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ASABE conference

I would like to thank BioFuelNet for giving me the opportunity to attend the annual international meeting of the American Society of Agricultural and Biological Engineers (ASABE) in Kansas City in the United States. This meeting is an internationally recognized conference with more than a 1000 technical and poster presentations covering a broad range of subjects such as energy systems, natural resources and ecological systems, machinery systems, food processing systems and plant and animal systems.

My presentation

During this conference, I had the chance to present the research I have done during the past year. Since I grew up on a farm, I realized at a young age that agricultural production is a constant challenge. Damaging climatic conditions as well as diseases are a reality that agricultural producers face regularly.  Agricultural production in greenhouses is increasingly used around the world as it allows better control of the environment.

With the rising price of fossil fuel, several greenhouse producers have decided to use biomass as main a heating fuel for their installations. Thus, the main purpose of my project was to develop an improved wood pellet furnace in order to recover the heat and the CO2, which would normally be emitted into the atmosphere. The heat and CO2 can then be used for greenhouse heating and carbon dioxide enrichment. This system significantly improves the thermal efficiency of wood pellet furnaces while the CO2 greatly enhances the growth of plants. Consequently, under the supervision of Dr. Mark Lefsrud, I designed, constructed and installed a system on the chimney of a wood pellet furnace capable of purifying the flue gas produced during the biomass combustion.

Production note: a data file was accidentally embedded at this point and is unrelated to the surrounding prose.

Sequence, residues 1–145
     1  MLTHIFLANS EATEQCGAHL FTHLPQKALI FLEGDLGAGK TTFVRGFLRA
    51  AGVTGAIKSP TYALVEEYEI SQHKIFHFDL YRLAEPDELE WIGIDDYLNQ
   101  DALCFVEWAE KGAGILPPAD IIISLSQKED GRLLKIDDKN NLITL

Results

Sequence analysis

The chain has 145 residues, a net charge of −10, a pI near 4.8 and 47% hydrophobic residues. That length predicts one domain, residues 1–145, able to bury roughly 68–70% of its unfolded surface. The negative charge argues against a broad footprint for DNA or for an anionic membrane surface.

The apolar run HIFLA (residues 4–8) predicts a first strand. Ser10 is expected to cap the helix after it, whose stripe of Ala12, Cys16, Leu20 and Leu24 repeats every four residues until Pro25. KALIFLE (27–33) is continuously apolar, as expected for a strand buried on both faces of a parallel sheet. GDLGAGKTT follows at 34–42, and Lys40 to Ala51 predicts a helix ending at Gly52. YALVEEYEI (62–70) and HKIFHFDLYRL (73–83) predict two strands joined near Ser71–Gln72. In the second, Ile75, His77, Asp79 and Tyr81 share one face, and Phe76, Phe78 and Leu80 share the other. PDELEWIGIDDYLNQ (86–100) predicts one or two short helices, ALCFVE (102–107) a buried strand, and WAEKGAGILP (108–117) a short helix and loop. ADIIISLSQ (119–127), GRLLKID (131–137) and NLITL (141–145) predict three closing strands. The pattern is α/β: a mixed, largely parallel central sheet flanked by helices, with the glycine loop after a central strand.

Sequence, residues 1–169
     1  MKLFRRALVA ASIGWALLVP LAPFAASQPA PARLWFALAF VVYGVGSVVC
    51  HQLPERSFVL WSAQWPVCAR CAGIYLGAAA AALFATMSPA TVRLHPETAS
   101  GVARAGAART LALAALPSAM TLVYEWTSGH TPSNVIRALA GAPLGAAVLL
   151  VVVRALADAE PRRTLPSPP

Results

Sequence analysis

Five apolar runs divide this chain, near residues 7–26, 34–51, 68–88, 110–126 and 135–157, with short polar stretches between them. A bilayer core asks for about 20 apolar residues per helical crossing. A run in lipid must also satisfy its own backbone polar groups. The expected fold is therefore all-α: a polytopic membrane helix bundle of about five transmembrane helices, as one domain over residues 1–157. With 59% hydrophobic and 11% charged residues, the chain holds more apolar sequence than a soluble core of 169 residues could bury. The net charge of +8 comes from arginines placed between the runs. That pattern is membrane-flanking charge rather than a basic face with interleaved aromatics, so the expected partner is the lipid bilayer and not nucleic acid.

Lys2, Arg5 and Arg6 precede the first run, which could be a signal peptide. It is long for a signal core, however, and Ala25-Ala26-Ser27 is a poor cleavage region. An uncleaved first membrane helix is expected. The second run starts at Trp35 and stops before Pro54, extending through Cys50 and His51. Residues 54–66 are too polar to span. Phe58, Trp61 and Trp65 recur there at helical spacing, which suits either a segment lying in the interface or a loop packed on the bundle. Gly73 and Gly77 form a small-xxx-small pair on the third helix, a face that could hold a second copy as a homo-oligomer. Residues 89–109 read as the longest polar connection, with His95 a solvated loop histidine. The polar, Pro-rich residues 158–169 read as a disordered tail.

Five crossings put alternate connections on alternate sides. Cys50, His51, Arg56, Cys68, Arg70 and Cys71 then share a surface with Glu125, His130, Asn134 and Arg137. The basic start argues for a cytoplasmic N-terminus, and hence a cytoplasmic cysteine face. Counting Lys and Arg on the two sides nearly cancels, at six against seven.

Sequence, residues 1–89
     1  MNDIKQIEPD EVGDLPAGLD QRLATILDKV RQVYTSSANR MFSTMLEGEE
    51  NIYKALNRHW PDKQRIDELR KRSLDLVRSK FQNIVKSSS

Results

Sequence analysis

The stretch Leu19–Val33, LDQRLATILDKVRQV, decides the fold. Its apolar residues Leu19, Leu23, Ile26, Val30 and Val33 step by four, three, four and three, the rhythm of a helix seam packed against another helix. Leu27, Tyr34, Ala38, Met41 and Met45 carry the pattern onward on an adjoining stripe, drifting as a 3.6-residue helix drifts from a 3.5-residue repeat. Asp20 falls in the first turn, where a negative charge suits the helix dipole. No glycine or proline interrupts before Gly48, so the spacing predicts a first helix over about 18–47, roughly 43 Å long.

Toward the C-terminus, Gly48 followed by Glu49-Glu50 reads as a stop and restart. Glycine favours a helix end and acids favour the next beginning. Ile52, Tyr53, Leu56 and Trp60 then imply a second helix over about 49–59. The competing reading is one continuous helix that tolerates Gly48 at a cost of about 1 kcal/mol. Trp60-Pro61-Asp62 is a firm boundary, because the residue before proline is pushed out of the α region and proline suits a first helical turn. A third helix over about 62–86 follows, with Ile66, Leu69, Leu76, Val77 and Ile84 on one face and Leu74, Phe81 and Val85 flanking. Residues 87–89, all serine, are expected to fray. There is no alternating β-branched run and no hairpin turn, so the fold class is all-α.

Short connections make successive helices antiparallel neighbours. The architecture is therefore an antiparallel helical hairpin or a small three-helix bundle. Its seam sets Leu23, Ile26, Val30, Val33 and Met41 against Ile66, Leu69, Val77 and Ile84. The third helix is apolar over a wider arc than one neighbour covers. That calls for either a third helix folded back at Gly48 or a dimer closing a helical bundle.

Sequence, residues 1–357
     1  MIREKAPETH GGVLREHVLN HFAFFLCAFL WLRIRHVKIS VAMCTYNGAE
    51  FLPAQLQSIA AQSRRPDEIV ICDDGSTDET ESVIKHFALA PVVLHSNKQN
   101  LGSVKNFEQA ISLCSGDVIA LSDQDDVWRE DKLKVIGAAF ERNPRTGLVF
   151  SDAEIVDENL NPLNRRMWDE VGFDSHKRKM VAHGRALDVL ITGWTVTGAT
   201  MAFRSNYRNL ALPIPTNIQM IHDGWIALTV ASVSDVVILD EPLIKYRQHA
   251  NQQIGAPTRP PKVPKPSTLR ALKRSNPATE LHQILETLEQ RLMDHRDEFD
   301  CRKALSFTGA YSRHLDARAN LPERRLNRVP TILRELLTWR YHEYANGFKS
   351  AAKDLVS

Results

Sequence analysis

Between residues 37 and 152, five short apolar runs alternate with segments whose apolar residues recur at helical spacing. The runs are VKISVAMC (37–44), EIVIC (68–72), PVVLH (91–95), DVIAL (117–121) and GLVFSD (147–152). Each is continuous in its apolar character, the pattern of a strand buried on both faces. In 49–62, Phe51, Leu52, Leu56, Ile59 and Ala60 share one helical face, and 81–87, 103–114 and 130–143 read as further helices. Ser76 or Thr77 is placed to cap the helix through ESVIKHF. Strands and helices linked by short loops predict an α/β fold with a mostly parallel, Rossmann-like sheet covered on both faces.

During the conference, I presented the final version of the system, which consists of a rigid box air filter followed by two sets of heating elements and a catalytic converter. The air filter removes the particulates present in the flue gas while the heating elements and catalysers transform the noxious gases into less harmful gases. After dilution into the ambient air of the greenhouse, the gas exiting my purification system is completely safe for humans and plants. Even though some attendees told me that I have a strong French accent, most of the audience seemed to enjoy my presentation.

Exhaust purification system

My exhaust purification system

This conference was also a great opportunity to hear about research projects in my field of study and to enhance my network of contacts in the field of agricultural and biological engineering. Additionally, a career fair was held in parallel to the technical presentations, providing potential career opportunities.

Robotic competition

Moreover, as a member of the MacDonald Robotic Club of McGill University, I participated in the robotic competition held during this meeting. During the competition, we presented the Bale Optical Stacking System (BOSS) that was designed and constructed prior to the competition. The primary objective of the system is to sort different colored bales in a given area using a network of three worker robots and a central server. McGill University was the only Canadian University represented during the competition and we were very proud of our achievement: McGill University finished the competition in third position just after Kansas State University and University of Illinois!

ASABE conference robotics competition: 3rd place winners

ASABE conference robotics competition: 3rd place winners

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